Above all, it must be remembered that deferred action is based on an act of executive discretion. It is not based on law. That means that it is not a grant of legal immigration status. It is not a path to permanent residency or citizenship. Under the law, a person who has been granted deferred action can be granted the authority to work in the United States. But, it is not a permanent solution to the problem of illegal status.
To qualify for the DACA program, an undocumented alien must meet certain criteria. They are: (1) the alien must be under the age of 31 as of June 15, 2012; (2) the alien must have been brought to the United States before his or her 16th birthday; (3) the alien must have continuously resided in the United States since June 15, 2007 up to the present; (4) the alien must have been physically present in the United States on June 15, 2012; (5) the alien must have entered without inspection before June 15, 2012, or had his or her lawful immigration status expired as of June 15, 2012; (6) the alien must currently be in school, have graduated or obtained a certificate of completion from high school, have obtained a general education development (GED) certificate, or be an honorably discharged veteran of the Coast Guard or Armed Forces of the United States; and (7) the alien must not have been convicted of a felony, significant misdemeanor, three or more other misdemeanors, and not otherwise pose a threat to national security or public safety.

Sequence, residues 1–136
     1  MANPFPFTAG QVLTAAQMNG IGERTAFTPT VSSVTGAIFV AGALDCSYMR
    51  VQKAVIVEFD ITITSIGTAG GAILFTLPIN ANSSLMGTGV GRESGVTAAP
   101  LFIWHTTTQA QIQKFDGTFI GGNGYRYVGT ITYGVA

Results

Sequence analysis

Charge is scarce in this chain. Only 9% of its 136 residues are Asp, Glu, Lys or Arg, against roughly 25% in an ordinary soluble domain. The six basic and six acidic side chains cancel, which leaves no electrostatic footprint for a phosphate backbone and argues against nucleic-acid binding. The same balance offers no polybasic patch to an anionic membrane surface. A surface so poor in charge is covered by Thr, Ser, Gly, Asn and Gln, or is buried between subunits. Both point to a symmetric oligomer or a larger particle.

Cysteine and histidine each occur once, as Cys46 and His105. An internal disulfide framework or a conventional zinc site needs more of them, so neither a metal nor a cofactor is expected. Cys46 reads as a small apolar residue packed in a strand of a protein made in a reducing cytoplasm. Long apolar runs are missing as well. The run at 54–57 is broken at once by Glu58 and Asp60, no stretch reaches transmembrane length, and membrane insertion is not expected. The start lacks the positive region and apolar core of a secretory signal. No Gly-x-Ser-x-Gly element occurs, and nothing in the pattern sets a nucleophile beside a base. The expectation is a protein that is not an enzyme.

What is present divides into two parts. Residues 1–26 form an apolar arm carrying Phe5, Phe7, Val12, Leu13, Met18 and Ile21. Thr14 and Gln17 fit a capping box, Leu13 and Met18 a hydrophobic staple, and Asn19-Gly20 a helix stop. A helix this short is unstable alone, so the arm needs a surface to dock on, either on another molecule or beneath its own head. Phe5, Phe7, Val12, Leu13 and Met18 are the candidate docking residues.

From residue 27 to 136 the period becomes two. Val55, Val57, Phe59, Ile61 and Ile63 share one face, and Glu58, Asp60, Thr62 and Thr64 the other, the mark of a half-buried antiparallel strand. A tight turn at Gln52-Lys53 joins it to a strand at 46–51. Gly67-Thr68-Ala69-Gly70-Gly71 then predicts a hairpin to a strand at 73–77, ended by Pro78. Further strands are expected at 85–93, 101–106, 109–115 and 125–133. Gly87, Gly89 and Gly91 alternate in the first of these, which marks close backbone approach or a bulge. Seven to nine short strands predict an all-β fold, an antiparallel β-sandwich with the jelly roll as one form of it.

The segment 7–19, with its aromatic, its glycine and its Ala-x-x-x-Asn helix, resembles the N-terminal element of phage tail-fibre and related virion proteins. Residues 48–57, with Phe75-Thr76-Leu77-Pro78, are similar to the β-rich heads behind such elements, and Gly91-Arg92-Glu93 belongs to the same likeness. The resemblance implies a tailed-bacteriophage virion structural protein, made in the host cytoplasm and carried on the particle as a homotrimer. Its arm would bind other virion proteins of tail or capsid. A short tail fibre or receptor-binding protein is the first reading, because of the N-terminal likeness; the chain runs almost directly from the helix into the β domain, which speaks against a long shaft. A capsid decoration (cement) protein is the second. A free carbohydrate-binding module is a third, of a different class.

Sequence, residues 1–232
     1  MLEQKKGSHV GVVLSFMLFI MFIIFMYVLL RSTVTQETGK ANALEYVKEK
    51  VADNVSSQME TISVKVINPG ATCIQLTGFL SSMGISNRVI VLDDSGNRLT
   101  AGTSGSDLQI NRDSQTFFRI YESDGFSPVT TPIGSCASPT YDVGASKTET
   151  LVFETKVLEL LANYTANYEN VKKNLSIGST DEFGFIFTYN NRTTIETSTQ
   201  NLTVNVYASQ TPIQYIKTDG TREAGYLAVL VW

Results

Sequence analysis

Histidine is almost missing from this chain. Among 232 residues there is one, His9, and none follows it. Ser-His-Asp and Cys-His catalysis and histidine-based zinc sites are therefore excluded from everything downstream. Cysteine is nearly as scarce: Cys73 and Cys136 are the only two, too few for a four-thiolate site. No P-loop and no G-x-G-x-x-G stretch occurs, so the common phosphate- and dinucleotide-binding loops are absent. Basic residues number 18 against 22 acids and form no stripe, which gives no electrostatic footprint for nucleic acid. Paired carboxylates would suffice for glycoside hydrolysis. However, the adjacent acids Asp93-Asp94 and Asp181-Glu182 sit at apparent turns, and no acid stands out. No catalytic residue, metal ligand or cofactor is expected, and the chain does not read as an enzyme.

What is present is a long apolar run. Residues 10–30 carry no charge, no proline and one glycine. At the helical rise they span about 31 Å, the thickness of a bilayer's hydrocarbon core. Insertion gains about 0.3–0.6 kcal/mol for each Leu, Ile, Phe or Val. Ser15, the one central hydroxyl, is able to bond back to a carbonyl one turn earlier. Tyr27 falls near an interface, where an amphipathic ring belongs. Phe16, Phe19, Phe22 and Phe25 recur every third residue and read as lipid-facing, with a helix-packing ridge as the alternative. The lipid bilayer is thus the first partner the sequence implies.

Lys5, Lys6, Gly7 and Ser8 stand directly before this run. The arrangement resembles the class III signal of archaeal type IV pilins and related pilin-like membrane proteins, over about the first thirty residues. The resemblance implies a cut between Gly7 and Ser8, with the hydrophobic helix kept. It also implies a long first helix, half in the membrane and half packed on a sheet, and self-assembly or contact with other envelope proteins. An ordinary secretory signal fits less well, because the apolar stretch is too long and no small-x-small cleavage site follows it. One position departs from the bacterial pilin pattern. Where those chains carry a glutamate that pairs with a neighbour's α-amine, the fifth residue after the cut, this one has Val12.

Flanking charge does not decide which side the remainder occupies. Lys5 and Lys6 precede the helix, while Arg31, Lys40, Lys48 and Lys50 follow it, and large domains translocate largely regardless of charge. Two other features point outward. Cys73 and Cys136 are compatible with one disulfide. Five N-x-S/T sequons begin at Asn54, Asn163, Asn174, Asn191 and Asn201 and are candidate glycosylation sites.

To apply, the alien must submit an application on form I-821D, an application for work authorization on form I-765, a worksheet disclosing income and expenses to determine if work authorization is necessary on form I-765WS, and a filing fee of $465. As part of the process, the Government will take fingerprints and perform a background check.